•  - Retired General Hillier speaks to a member of the Canadian navy during a signing for his book in Halifax

    Retired General Hillier speaks to a member of the Canadian navy during a signing for his book in Halifax

    Posted: 2/11/2010 3:42:19 PM EST
    Retired General Rick Hillier (L) speaks to a member of the Canadian navy during a signing for his book, "A Soldier First, Bullets, Bureaucrats and the Politics of War", at the Windsor Park CANEX in Halifax, Nova Scotia, February 11, 2010. General Hillier had retired after serving as Chief of the Defence Staff last July. REUTERS/Paul Darrow (CANADA - Tags: MILITARY MEDIA)
  •  - Japan's Prime Minister Yukio Hatoyama inspects a debate between government appointed panels between bureaucrats over spending cuts at makeshift offices in a gym in Tokyo

    Japan's Prime Minister Yukio Hatoyama inspects a debate between government appointed panels between bureaucrats over spending cuts at makeshift offices in a gym in Tokyo

    Posted: 11/24/2009 2:32:52 AM EST
    Japan's Prime Minister Yukio Hatoyama inspects a debate between government appointed panels and bureaucrats over spending cuts at makeshift offices in a gym in Tokyo November 24, 2009. A former aide to Hatoyama may be charged with falsifying political funding records, the Asahi newspaper said on Tuesday, a development that could damage support for the government ahead of a key election. REUTERS/Yuriko Nakao (JAPAN POLITICS)
  •  - Japan's PM Hatoyama inspects debate between government appointed panels and bureaucrats in Tokyo

    Japan's PM Hatoyama inspects debate between government appointed panels and bureaucrats in Tokyo

    Posted: 11/24/2009 2:32:14 AM EST
    Japan's Prime Minister Yukio Hatoyama inspects a debate between government appointed panels and bureaucrats over spending cuts at makeshift offices in a gym in Tokyo November 24, 2009. A former aide to Hatoyama may be charged with falsifying political funding records, the Asahi newspaper said on Tuesday, a development that could damage support for the government ahead of a key election. REUTERS/Yuriko Nakao (JAPAN POLITICS)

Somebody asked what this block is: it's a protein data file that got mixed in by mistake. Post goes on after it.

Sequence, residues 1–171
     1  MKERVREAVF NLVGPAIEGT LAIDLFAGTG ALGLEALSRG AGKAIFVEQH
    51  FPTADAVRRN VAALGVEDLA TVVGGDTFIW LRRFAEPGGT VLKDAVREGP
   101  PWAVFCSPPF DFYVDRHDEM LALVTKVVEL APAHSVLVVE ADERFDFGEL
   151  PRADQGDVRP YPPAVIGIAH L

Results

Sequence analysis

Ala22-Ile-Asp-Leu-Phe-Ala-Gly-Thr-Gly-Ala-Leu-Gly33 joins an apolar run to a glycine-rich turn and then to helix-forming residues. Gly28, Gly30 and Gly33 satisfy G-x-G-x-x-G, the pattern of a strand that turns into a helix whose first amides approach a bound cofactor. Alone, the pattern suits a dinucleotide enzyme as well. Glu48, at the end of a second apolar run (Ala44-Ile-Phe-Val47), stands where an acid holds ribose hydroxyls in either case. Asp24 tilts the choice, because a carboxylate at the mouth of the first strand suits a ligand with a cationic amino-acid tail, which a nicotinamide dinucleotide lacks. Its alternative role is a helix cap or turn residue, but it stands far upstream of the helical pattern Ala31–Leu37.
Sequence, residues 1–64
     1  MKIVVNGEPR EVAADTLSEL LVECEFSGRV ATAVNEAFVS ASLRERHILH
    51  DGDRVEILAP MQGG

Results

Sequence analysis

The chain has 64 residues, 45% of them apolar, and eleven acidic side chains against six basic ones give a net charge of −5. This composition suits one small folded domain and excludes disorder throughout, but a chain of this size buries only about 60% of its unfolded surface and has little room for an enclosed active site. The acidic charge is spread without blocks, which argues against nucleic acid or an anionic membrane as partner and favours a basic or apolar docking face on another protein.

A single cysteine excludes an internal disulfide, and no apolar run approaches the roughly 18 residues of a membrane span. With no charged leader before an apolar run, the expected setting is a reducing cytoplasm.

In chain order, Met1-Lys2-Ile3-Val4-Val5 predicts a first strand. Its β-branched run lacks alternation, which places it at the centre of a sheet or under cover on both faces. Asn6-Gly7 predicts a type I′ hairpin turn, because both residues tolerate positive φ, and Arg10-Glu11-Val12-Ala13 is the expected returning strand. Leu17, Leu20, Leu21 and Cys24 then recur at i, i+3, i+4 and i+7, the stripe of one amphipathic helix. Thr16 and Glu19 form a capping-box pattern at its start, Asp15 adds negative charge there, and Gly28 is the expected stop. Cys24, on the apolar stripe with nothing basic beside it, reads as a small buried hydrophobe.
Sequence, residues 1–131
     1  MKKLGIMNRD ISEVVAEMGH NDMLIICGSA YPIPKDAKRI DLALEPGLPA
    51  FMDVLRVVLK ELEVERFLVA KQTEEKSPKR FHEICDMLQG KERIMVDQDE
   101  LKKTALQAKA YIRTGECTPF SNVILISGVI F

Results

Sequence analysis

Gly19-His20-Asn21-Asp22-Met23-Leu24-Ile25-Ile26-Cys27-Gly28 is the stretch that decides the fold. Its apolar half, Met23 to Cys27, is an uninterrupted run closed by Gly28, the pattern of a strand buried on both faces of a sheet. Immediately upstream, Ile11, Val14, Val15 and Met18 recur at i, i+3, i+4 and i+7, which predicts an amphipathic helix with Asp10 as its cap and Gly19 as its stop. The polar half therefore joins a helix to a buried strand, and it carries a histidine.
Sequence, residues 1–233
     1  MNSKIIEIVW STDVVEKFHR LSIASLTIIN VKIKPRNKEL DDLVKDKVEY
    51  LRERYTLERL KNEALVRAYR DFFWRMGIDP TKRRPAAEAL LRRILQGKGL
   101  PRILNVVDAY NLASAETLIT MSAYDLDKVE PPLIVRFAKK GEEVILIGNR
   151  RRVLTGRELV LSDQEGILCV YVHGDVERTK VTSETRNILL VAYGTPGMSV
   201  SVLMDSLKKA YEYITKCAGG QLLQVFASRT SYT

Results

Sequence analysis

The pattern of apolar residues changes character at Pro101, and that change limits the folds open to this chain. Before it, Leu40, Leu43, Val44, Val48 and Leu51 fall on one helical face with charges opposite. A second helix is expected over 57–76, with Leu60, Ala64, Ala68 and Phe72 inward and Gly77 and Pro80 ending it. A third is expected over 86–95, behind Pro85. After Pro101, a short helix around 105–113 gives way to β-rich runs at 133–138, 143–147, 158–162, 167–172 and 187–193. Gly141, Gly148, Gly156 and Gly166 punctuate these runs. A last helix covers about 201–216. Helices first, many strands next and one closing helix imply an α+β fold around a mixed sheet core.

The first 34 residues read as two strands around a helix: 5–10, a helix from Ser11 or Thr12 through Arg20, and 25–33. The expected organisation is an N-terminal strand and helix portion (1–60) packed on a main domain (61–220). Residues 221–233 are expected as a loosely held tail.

•  - Japan's Prime Minister Yukio Hatoyama walks past a white board during a inspection tour in Tokyo

    Japan's Prime Minister Yukio Hatoyama walks past a white board during a inspection tour in Tokyo

    Posted: 11/24/2009 2:11:38 AM EST
    Japan's Prime Minister Yukio Hatoyama walks past a white board showing the showing the results of debate between government appointed panels and bureaucrats over spending cuts during a inspection tour at a makeshift offices in a gym in Tokyo November 24, 2009. The names of projects and words such as "budget cut" and "cancelled" are written on the board. REUTERS/Yuriko Nakao (JAPAN POLITICS)
  •  - Japan's Prime Minister Yukio Hatoyama inspects a debate between government appointed panels and bureaucrats over spending cuts at a makeshift offices in a gym in Tokyo

    Japan's Prime Minister Yukio Hatoyama inspects a debate between government appointed panels and bureaucrats over spending cuts at a makeshift offices in a gym in Tokyo

    Posted: 11/24/2009 2:10:37 AM EST
    Japan's Prime Minister Yukio Hatoyama inspects a debate between government appointed panels and bureaucrats over spending cuts at a makeshift offices in a gym in Tokyo November 24, 2009. A former aide to Japanese Prime Minister Yukio Hatoyama may be charged with falsifying political funding records, the Asahi newspaper said on Tuesday, a development that could damage support for the government ahead of a key election. REUTERS/Yuriko Nakao (JAPAN POLITICS)
  •  - Japan's PM Hatoyama inspects a debate between government appointed panels and bureaucrats over spending cuts at a makeshift office in a gym in Tokyo

    Japan's PM Hatoyama inspects a debate between government appointed panels and bureaucrats over spending cuts at a makeshift office in a gym in Tokyo

    Posted: 11/24/2009 2:07:13 AM EST
    Japan's Prime Minister Yukio Hatoyama inspects a debate between government appointed panels and bureaucrats over spending cuts at a makeshift offices in a gym in Tokyo November 24, 2009. A former aide to Hatoyama may be charged with falsifying political funding records, the Asahi newspaper said on Tuesday, a development that could damage support for the government ahead of a key election. REUTERS/Yuriko Nakao (JAPAN POLITICS HEADSHOT)